Few video stills from the music video I directed and shot recently. Never underestimate the importance of a good location if you want to make a retro video. Canon 5D Mark II, 24mm lens, shot at 24p. It doesn’t get any more guerrilla than this…Read More
A few photos I took at a show on June 10, 2011 at The Trash Bar. Daylight Mourner is: Jay Serkin on Vocals. Jon Wiley on Guitar. Adam Mucci on Bass. Kim Mucci on Keyboards, and Anthony Arza on Drums. B&W Digital. Untouched.
View the slideshow.Read More
Rip-Off or Artistic Assimilation?
This photograph of Michael C. Hall, star of the Showtime series Dexter, appeared in Entertainment Weekly last year. It was photographed by Michael Muller. By itself, given the nature of the show, it seems pretty much designed as you might expect. The ethically conflicted serial killer with doleful look and blood on his hands. But, there’s a story here: the concept behind the photograph is not an original idea. It’s an almost exact duplicate of a photograph that Annie Leibovitz took of rock legend Pete Townshend of The Who during a cover shoot for Rolling Stone after a concert in 1980.
It’s rather striking how the Muller photo duplicates the Leibovitz photo down to the placement of the band-aid, and the lighting in the background.
What’s also interesting is that the Muller photo was run with no mention of it being influenced by Leibovitz’s photo. Perhaps it was an homage in Muller’s mind.
While it is well understood that artists barrow from each other in all sorts of ways – and that’s perfectly acceptable – this seemed to me as a knock-off for a very specific reason: it takes the design and meaning of the first photo by Leibovitz and completely alters it in a way that doesn’t add to the original at all. It actually detracts from it. It crosses a line between art and marketing that I feel should remain uncrossed.
The Muller photo is a public relations shot. Meant to sell the show. It lifts the graphic power and mixture of violence, innocence, pain and exhaustion of Liebovitz’s photo and uses it to sell a show about a conflicted serial killer. But, it sucks the meaing out of it. Liebowitz’s shot of Pete Townshend was spontaneous, taken after a 1980 performance in Oakland, CA by The Who, during which Townshend cut his hand on his guitar doing one of his famous cartwheel arm swings on stage. It wasn’t an entirely undesigned shoot, as Townshend explained in 2004, a bit of serendipity and embellishment by Leibovitz was empployed (the technique that made her famous):
By the time we got to start taking pictures, the blood was badly congealed, Annie got me to swing my arm afresh to generate more blood.
Then she actually found some fake blood and added a little to create the runny effect. But, I have to say, my hand was a fucking mess before she started to embellish it.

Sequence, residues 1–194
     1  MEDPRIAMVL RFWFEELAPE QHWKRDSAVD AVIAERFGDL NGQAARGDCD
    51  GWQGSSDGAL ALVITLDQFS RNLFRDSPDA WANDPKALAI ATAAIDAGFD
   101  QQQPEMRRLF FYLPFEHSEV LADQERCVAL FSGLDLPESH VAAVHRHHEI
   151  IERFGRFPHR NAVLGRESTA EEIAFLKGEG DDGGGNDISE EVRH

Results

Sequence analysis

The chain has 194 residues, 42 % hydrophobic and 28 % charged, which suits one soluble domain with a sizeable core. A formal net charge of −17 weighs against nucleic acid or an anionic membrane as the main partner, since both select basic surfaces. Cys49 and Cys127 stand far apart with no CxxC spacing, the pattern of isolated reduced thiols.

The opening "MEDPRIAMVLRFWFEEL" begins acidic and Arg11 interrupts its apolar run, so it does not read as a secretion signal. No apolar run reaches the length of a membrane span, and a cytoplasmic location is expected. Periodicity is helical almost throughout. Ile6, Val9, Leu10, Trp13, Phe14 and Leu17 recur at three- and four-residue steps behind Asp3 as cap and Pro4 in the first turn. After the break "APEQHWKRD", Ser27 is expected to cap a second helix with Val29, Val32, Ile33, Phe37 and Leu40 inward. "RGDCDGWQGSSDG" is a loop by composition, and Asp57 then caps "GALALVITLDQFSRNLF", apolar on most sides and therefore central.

While Townshend is aware that the Leibovitz approach of employing “embellishment” is an issue, he seems to think that it didn’t cross the line. And, I have to agree. It’s not photo-journalism exactly. But, it is still very real. And very powerful.
While I don’t object to artist riffing on the work of others, it’s not entirely clear that the Muller photograph is doing anything except riding on the back of a much greater photograph. Are we that bereft of ideas? I don’t think so.Read More
A few unretouched photographs of The Static Jacks at The Mercury Lounge on January 20, 2011.Read More
Cleveland blues legend rips the paint off the walls with his sonic blowtorch. At (le) poisson rouge with The Golden Palominos a few months ago.Read More
Back in the 1970s and 1980s, Gil Scott-Heron was one of those people who everyone listened to and waited to hear what he was going to say next. He was that relevant and eloquent and personal. “The Revolution Will Not Be Televised“, “Home Is Where the Hatred Is” and “Message to the Messengers” are arguably some of the greatest political and social commentary put to music ever. And, his contribution to “Let Me See Your ID” on the anti-apartheid album Sun City still stands out as one of the great raps during that time.
Then he disappeared into the hole that is Rikers Island for drug possession. But, all things come around and now he’s back. A must read interview with Gil Scott-Heron in Salon is here, and he’s released a new album. Gil manages to reach into the depths once again. Here’s the video for “Me and the Devil“.Read More
During the show, Douglas has an interesting conversation with Paul Krassner that touches on how issue oriented satire has changed over time from Lenny Bruce to Jon Stewart, conspiracy theories in the real world and Krassner’s new book Who’s to Say What’s Obscene:Politics, Culture & Comedy in America Today.
Please listen to the entire show. The segment below runs five minutes.
Mp3 file located at Internet ArchiveRead More